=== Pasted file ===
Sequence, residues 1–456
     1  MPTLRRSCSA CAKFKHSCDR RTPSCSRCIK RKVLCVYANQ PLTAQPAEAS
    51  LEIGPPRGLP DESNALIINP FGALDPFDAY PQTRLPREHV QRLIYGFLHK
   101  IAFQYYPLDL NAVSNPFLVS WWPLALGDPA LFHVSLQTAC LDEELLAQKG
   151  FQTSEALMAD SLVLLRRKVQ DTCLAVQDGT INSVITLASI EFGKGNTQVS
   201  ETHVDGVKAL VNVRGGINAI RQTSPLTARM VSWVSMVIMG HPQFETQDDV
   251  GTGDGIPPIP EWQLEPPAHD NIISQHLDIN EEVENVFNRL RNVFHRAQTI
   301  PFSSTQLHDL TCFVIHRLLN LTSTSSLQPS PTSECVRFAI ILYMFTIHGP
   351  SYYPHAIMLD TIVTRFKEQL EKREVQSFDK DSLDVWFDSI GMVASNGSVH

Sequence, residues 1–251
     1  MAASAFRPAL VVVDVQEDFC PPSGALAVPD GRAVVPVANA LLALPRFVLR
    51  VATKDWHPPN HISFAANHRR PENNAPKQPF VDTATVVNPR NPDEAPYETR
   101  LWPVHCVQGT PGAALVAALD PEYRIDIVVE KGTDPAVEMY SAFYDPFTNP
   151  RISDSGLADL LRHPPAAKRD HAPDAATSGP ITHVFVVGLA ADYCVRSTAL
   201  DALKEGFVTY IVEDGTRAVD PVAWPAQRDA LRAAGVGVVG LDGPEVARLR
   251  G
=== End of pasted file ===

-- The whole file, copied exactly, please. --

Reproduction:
Sequence, residues 1–456
     1  MPTLRRSCSA CAKFKHSCDR RTPSCSRCIK RKVLCVYANQ PLTAQPAEAS
    51  LEIGPPRGLP DESNALIINP FGALDPFDAY PQTRLPREHV QRLIYGFLHK
   101  IAFQYYPLDL NAVSNPFLVS WWPLALGDPA LFHVSLQTAC LDEELLAQKG
   151  FQTSEALMAD SLVLLRRKVQ DTCLAVQDGT INSVITLASI EFGKGNTQVS
   201  ETHVDGVKAL VNVRGGINAI RQTSPLTARM VSWVSMVIMG HPQFETQDDV
   251  GTGDGIPPIP EWQLEPPAHD NIISQHLDIN EEVENVFNRL RNVFHRAQTI
   301  PFSSTQLHDL TCFVIHRLLN LTSTSSLQPS PTSECVRFAI ILYMFTIHGP
   351  SYYPHAIMLD TIVTRFKEQL EKREVQSFDK DSLDVWFDSI GMVASNGSVH

Sequence, residues 1–251
     1  MAASAFRPAL VVVDVQEDFC PPSGALAVPD GRAVVPVANA LLALPRFVLR
    51  VATKDWHPPN HISFAANHRR PENNAPKQPF VDTATVVNPR NPDEAPYETR
   101  LWPVHCVQGT PGAALVAALD PEYRIDIVVE KGTDPAVEMY SAFYDPFTNP
   151  RISDSGLADL LRHPPAAKRD HAPDAATSGP ITHVFVVGLA ADYCVRSTAL
   201  DALKEGFVTY IVEDGTRAVD PVAWPAQRDA LRAAGVGVVG LDGPEVARLR
   251  G